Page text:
So, what will history make of, and blame for Hillary Clinton’s electoral defeat? Bernie Sanders and angry BernieBros, Jill Stein’s third-party swing-state votes, the Clinton email Russian/Wikileaks hack, FBI Comey’s interference, last minute GOP-instigated voter restrictions, persistent sexism and the rising alt.right’s racism, the fake news smokescreen? The reasons are myriad, yet ultimately secondary. Clinton’s overconfident, complacent, and strategically bumbling campaign combined with the Democratic Party’s arrogant, top-down, corporate campaign management guaranteed her electoral defeat. Yes, Clinton won the popular vote by almost 3 million even as she lost the electoral college vote. But it’s bullshit to claim “he’s not my president” or “I want my country back.” That’s how the game of electoral politics is played in the United States, for better or worse. Instead of being sore losers, we need to transition from discussing the elections to where to go from here. Or “what is to be done,” to use a tired old leftist trope, since part of what we need to do is reevaluate the Left and leftist politics.

Ah, but before we can go forward, we need to sum up where we’ve been, or so the mainstream Marxist Left would have it. Summing up? The Left is endlessly summing up everything from the Russian Revolution onward and coming to fractious, diametrically opposed positions. Such summing up often paralyzes people into ceaseless rumination, keeping them stuck in thinking rather than in having them act. It would be far better to take people where they’re at, with whatever backgrounds and beliefs they have at that moment, and start them acting together. There’s much Marxist thinking (György Lukács, Martin Glaberman, Antonio Gramsci, et al) that “action precedes consciousness.”

As I write, mobilizations are under way for “no peaceful transition” to “stand up to Trump” and “make it ungovernable” on January 20, Inauguration Day. It would be nice if such protests could shut down Washington DC as was done in Seattle, 1999, around the WTO. I’ll be sure to cover events of that day next column. Just for comparison, in May of 1971, the May Day Tribe organized three days of mass protests and civil disobedience in the capitol against the Vietnam War intended to shut down the US government. Over 35,000 protesters participated, facing off against 10,000 federal troops, 5,100 Metropolitan Police, 2,000 DC National Guard and President Nixon’s internal security forces implementing combined civil disorder emergency measures. The protesters engaged in a variety of creative tactics (such as launching tethered helium-filled balloons to ward off low-flying helicopters), but the use of mass civil disobedience was stymied when troops secured major intersections and bridges ahead of time while the police roamed through the city firing tear gas and making mass arrests. In response to the police sweeps, protesters resorted to hit-and-run tactics throughout the city, disrupting traffic and causing chaos in the streets. Politicians were harassed and federal workers, who were not given the day off, had to maneuver through police lines and protest roadblocks. In all 12,614 people were arrested, including construction workers who came out to support Nixon, making it the largest mass arrest in U.S. history. Neither Washington DC nor the US government were shut down.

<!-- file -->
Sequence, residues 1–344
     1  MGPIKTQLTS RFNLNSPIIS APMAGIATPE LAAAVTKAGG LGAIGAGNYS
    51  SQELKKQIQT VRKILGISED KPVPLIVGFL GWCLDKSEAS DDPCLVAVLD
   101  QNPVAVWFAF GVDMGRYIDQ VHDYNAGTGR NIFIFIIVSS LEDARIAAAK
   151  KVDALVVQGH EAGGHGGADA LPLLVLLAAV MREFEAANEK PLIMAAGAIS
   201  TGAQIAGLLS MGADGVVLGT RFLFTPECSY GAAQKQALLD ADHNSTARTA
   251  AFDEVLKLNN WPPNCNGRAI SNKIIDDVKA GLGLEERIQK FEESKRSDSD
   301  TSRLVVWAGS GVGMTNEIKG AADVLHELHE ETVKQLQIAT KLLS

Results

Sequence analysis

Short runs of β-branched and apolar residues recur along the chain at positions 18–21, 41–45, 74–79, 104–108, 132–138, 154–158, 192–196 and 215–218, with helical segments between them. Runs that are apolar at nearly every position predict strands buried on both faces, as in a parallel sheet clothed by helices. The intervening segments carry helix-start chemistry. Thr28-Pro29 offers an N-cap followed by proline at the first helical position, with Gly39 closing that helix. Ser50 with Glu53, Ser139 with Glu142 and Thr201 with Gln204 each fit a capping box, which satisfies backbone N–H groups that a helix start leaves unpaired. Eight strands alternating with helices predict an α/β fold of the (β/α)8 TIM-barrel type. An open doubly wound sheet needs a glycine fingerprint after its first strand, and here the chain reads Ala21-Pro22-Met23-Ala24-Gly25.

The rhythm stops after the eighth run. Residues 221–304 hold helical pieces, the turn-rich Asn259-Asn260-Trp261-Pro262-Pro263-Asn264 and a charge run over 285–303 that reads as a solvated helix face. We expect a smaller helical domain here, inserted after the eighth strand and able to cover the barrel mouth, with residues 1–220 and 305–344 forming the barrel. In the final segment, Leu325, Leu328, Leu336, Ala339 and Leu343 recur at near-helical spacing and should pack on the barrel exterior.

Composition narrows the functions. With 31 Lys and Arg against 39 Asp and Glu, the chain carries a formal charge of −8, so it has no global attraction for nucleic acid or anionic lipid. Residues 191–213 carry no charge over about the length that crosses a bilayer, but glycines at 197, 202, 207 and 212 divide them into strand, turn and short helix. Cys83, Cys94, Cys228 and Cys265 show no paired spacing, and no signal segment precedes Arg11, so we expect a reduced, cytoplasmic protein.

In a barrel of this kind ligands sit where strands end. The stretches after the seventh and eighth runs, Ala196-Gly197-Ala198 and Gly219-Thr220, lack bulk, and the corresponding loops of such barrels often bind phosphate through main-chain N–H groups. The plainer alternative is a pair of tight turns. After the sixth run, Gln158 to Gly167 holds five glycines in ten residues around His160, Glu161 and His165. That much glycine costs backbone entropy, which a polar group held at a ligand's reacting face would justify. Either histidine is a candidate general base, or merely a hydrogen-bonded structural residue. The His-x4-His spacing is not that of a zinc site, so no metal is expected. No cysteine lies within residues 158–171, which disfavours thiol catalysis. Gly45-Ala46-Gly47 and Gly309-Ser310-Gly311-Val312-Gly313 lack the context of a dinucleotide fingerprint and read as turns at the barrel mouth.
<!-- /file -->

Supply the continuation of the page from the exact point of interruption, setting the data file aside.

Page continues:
A friend who participated in the 1971 May Days was tear gassed, almost run down by a motorcycle cop while walking on the sidewalk, and ultimately arrested for civil disobedience. The DC jails were filled to overflowing, so he was housed in a fenced-in emergency detention center next to the DC Stadium (now RFK Stadium) and denied food, water, and toilets while in custody. He eventually had all his charges dropped as did all but 79 of his fellow arrestees. Thousands of protesters pursued a class action suit through the ACLU. In the end, the US Congress admitted the arrests were grossly illegal and agreed to pay financial compensation to those arrested as part of a settlement that set an historic precedent by acknowledging US citizens’ constitutional right of free assembly were violated by the government. My friend received a small check for his troubles over a decade and a half later.

Unlike May, 1971, when protesters had only DC residents and workers to contend with, Inauguration Day 2017 is anticipated to have 2 to 3 million people in attendance. The government’s police and military powers have been greatly expanded since Nixon’s day, as have urban disorder contingency measures, and the forces of law and order will be under Obama’s control until Trump takes the oath of office. I have no doubt that a willingness to protest Trump can fill the streets of DC, but not if those protests are dispersed and divided. So I predict that the protests will be contained, Trump will be inaugurated without incident, and the US government will not be shut down. I don’t think it’s likely that the independent @/ultraleft actions in Mcpherson Square Park, Workers World Party protest in Union Station, and ANSWER Coalition demonstration in Freedom Plaza will get out of control, let alone merge their separate events and run amok through the city, reprise Seattle 1999 in the nation’s capitol, or declare a Columbia Commune. If protests intended to go beyond run-of-the-mill 60s mass marches and demonstrations into mass nonviolent disruption couldn’t break the government in 1971, it’s unlikely that protest-as-usual and limited, targeted civil disobedience or even some streetfighting can do so now.

We’ll talk about how to go beyond ineffective protest into effective direct action, but I’ll first evaluate the present-day American Left in the next column or two.